17. Li S, Yan R, Xu J, Zhao S, Ma X, Sun Q. et al. A new type of ERGIC-ERES membrane contact mediated by TMED9 and SEC12 is required for autophagosome biogenesis. Cell Research. 2022;32:119-38

18. Krols M, van Isterdael G, Asselbergh B, Kremer A, Lippens S, Timmerman V. et al. Mitochondria-associated membranes as hubs for neurodegeneration. Acta Neuropathologica. 2016;131:505-23

19. Perrone M, Caroccia N, Genovese I, Missiroli S, Modesti L, Pedriali G. et al. The role of mitochondria-associated membranes in cellular homeostasis and diseases. Int Rev Cell Mol Biol. 2020;350:119-96

20. Perrone M, Caroccia N, Genovese I, Missiroli S, Modesti L, Pedriali G. et al. Chapter Four - The role of mitochondria-associated membranes in cellular homeostasis and diseases. In: Kepp O, Galluzzi L, editors. International Review of Cell and Molecular Biology: Academic Press. 2020 p. 119-96

21. Paillusson S, Gomez-Suaga P, Stoica R, Little D, Gissen P, Devine MJ. et al. α-Synuclein binds to the ER-mitochondria tethering protein VAPB to disrupt Ca(2+) homeostasis and mitochondrial ATP production. Acta Neuropathol. 2017;134:129-49

22. Bernhard W, Rouiller C. Close topographical relationship between mitochondria and ergastoplasm of liver cells in a definite phase of cellular activity. J Biophys Biochem Cytol. 1956;2:73-8

23. Barazzuol L, Giamogante F, Calì T. Mitochondria Associated Membranes (MAMs): Architecture and physiopathological role. Cell Calcium. 2021;94:102343

24. Csordás G, Renken C, Várnai P, Walter L, Weaver D, Buttle KF. et al. Structural and functional features and significance of the physical linkage between ER and mitochondria. J Cell Biol. 2006;174:915-21

25. Delprat B, Maurice T, Delettre C. Wolfram syndrome: MAMs' connection?. Cell Death & Disease. 2018;9:364

26. Giacomello M, Pellegrini L. The coming of age of the mitochondria-ER contact: a matter of thickness. Cell Death Differ. 2016;23:1417-27

27. Wang X, Wen Y, Dong J, Cao C, Yuan S. Systematic In-Depth Proteomic Analysis of Mitochondria-Associated Endoplasmic Reticulum Membranes in Mouse and Human Testes. Proteomics. 2018;18:e1700478

28. Lu X, Gong Y, Hu W, Mao Y, Wang T, Sun Z. et al. Ultrastructural and proteomic profiling of mitochondria-associated endoplasmic reticulum membranes reveal aging signatures in striated muscle. Cell Death & Disease. 2022;13:296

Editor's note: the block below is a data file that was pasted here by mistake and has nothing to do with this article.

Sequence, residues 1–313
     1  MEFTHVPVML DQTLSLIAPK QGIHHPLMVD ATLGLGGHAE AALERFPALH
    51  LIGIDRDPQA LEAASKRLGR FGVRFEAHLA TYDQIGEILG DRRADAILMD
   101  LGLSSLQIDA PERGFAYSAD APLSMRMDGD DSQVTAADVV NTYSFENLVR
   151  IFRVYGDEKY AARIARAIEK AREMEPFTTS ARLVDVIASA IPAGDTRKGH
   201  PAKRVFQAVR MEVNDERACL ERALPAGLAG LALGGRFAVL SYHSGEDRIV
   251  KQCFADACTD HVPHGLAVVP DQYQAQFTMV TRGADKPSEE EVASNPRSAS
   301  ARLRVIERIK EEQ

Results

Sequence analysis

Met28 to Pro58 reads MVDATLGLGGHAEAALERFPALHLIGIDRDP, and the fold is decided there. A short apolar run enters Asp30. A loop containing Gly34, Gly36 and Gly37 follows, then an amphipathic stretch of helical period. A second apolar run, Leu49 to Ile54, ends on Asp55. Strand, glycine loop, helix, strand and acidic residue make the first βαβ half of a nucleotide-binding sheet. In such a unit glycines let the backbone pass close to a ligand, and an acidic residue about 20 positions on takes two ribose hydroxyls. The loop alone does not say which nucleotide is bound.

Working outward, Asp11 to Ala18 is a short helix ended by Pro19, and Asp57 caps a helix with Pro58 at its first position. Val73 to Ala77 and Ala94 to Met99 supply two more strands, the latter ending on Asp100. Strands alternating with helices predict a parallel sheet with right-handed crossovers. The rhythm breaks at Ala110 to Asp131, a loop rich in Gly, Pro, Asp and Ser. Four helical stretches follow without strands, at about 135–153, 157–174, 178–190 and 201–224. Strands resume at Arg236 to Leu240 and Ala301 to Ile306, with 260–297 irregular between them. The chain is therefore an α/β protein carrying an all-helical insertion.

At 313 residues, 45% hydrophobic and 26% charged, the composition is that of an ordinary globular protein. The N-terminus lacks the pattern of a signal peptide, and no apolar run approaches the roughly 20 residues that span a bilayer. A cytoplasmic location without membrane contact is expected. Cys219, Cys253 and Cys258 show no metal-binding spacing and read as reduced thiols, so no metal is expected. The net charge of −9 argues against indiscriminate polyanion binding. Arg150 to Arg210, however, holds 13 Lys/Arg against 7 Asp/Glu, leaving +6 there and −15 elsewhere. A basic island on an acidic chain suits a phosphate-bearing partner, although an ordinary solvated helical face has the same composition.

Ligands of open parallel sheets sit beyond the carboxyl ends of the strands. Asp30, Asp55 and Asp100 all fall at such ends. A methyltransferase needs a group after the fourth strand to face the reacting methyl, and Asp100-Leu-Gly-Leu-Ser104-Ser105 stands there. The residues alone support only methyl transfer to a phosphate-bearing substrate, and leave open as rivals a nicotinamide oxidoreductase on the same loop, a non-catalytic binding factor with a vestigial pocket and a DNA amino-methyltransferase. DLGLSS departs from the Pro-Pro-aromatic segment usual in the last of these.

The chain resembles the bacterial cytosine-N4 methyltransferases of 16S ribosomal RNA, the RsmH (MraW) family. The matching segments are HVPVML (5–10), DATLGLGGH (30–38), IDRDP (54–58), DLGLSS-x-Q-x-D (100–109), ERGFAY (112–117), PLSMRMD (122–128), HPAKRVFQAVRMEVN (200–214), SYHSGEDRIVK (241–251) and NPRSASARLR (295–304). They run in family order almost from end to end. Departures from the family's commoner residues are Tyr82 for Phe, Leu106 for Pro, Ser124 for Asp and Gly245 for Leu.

29. Poston CN, Krishnan SC, Bazemore-Walker CR. In-depth proteomic analysis of mammalian mitochondria-associated membranes (MAM). J Proteomics. 2013;79:219-30

30. Ma JH, Shen S, Wang JJ, He Z, Poon A, Li J. et al. Comparative Proteomic Analysis of the Mitochondria-associated ER Membrane (MAM) in a Long-term Type 2 Diabetic Rodent Model. Scientific Reports. 2017;7:2062

31. van Vliet AR, Verfaillie T, Agostinis P. New functions of mitochondria associated membranes in cellular signaling. Biochim Biophys Acta. 2014;1843:2253-62

32. Liu J, Yang J. Mitochondria-associated membranes: A hub for neurodegenerative diseases. Biomedicine & Pharmacotherapy. 2022;149:112890

33. Peng J, Peng C, Wang L, Cao H, Xing C, Li G. et al. Endoplasmic reticulum-mitochondria coupling attenuates vanadium-induced apoptosis via IP 3 R in duck renal tubular epithelial cells. Journal of inorganic biochemistry. 2022;232:111809

34. Stone SJ, Vance JE. Phosphatidylserine synthase-1 and -2 are localized to mitochondria-associated membranes. J Biol Chem. 2000;275:34534-40

35. Adachi Y, Kato T, Yamada T, Murata D, Arai K, Stahelin RV. et al. Drp1 Tubulates the ER in a GTPase-Independent Manner. Molecular cell. 2020;80:621-32.e6

36. Rieusset J. The role of endoplasmic reticulum-mitochondria contact sites in the control of glucose homeostasis: an update. Cell Death & Disease. 2018;9:388

37. Teodoro BG, Sampaio IH, Bomfim LH, Queiroz AL, Silveira LR, Souza AO. et al. Long-chain acyl-CoA synthetase 6 regulates lipid synthesis and mitochondrial oxidative capacity in human and rat skeletal muscle. J Physiol. 2017;595:677-93

38. Rusiñol AE, Cui Z, Chen MH, Vance JE. A unique mitochondria-associated membrane fraction from rat liver has a high capacity for lipid synthesis and contains pre-Golgi secretory proteins including nascent lipoproteins. J Biol Chem. 1994;269:27494-502

39. Shen W, Gao C, Cueto R, Liu L, Fu H, Shao Y. et al. Homocysteine-methionine cycle is a metabolic sensor system controlling methylation-regulated pathological signaling. Redox Biol. 2020;28:101322

40. Hernández-Alvarez MI, Sebastián D, Vives S, Ivanova S, Bartoccioni P, Kakimoto P. et al. Deficient Endoplasmic Reticulum-Mitochondrial Phosphatidylserine Transfer Causes Liver Disease. Cell. 2019;177:881-95.e17

41. Galmes R, Houcine A, van Vliet AR, Agostinis P, Jackson CL, Giordano F. ORP5/ORP8 localize to endoplasmic reticulum-mitochondria contacts and are involved in mitochondrial function. EMBO reports. 2016;17:800-10

42. Monteiro-Cardoso VF, Rochin L, Arora A, Houcine A, Jääskeläinen E, Kivelä AM. et al. ORP5/8 and MIB/MICOS link ER-mitochondria and intra-mitochondrial contacts for non-vesicular transport of phosphatidylserine. Cell reports. 2022;40:111364

43. Yeo HK, Park TH, Kim HY, Jang H, Lee J, Hwang G-S. et al. Phospholipid transfer function of PTPIP51 at mitochondria-associated ER membranes. EMBO Rep. 2021;22:e51323